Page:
November 24, 2020, 15:30–16:50
Econometrics and Empirical Economics Seminar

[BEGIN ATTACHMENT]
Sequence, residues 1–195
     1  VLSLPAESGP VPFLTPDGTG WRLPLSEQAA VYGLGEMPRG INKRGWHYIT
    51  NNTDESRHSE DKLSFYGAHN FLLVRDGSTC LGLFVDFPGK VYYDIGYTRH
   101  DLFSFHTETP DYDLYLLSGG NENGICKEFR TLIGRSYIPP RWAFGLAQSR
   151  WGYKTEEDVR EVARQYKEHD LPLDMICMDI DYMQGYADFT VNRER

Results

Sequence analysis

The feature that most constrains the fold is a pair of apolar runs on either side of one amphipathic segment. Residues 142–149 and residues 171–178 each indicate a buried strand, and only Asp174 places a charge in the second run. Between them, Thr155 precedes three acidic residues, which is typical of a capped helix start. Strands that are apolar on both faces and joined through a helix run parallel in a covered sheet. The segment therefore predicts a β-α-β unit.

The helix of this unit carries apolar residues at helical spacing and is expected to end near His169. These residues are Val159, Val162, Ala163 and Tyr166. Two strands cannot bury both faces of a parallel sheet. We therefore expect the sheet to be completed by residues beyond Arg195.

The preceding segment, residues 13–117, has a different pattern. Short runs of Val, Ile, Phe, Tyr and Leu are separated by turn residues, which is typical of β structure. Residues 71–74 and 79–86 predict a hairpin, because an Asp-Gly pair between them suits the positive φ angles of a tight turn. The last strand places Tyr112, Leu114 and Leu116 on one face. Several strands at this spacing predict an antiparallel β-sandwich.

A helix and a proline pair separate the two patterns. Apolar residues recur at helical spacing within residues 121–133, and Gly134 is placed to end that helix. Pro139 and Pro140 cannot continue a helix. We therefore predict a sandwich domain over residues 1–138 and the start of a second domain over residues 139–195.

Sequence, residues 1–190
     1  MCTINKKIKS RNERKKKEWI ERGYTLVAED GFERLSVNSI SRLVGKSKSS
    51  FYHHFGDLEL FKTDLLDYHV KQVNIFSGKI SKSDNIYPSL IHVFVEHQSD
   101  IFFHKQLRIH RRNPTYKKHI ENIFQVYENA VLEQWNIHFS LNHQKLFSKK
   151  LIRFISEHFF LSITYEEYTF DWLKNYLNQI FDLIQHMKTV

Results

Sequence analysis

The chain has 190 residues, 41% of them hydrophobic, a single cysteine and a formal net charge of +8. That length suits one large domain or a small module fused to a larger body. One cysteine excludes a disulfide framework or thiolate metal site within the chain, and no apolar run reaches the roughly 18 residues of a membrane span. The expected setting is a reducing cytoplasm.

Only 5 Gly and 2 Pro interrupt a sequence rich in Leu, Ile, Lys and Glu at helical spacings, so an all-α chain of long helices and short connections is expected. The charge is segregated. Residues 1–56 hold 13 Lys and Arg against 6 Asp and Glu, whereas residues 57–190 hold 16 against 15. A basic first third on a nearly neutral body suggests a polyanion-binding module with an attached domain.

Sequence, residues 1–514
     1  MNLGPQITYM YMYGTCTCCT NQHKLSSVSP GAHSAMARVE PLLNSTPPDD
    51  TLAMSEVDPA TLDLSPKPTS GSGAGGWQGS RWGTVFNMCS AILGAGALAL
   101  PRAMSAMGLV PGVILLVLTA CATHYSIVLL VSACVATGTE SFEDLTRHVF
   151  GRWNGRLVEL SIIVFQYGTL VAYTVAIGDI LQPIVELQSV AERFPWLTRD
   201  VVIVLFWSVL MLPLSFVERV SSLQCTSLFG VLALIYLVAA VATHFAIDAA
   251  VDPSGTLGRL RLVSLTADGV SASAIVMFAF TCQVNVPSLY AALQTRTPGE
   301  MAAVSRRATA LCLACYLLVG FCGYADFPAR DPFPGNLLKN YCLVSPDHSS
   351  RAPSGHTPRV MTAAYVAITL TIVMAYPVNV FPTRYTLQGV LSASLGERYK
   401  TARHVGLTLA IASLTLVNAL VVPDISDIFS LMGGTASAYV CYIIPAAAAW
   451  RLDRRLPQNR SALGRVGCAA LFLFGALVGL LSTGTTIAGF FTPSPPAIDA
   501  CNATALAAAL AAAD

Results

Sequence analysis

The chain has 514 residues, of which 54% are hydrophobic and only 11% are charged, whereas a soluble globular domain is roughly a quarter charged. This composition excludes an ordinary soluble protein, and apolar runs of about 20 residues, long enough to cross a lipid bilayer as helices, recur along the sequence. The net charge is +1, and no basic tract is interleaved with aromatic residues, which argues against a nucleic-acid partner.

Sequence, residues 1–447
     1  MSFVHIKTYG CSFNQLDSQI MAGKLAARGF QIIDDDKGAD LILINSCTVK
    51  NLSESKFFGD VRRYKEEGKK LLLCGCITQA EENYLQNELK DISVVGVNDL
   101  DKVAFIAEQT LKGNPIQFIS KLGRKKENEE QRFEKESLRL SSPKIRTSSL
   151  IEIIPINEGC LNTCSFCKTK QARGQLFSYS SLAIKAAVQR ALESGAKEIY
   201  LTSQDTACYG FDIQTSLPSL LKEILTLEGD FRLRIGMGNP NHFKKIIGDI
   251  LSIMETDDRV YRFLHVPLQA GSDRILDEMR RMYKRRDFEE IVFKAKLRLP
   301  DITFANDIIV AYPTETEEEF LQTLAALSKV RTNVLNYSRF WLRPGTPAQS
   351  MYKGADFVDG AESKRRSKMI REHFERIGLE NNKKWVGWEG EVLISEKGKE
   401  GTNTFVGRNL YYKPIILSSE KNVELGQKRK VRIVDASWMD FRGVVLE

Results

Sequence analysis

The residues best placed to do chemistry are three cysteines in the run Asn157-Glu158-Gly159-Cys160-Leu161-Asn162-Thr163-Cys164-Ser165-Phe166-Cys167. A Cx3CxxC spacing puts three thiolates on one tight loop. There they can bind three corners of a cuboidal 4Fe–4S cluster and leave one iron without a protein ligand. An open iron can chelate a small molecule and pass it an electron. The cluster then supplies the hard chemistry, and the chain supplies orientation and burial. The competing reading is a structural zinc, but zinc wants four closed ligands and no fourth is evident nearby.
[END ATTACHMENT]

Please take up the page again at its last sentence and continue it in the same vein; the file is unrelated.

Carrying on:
Each year, more than two million U.S. households have an eviction case filed against them, and local governments are increasingly pursuing policies to reduce the number of evictions. We study the consequences of eviction using newly linked administrative data from two major cities. We document that tenants in housing court tend to have recently experienced declines in earnings and employment, and increases in financial distress and hospital visits. This poses a challenge for disentangling correlation and causation. To address this selection problem, we use an instrumental-variables approach based on cases randomly assigned to judges of varying leniency. We find that receiving an eviction order negatively impacts earnings, credit access, and durable consumption, and increases homeless shelter use, hospitalizations, and residential mobility.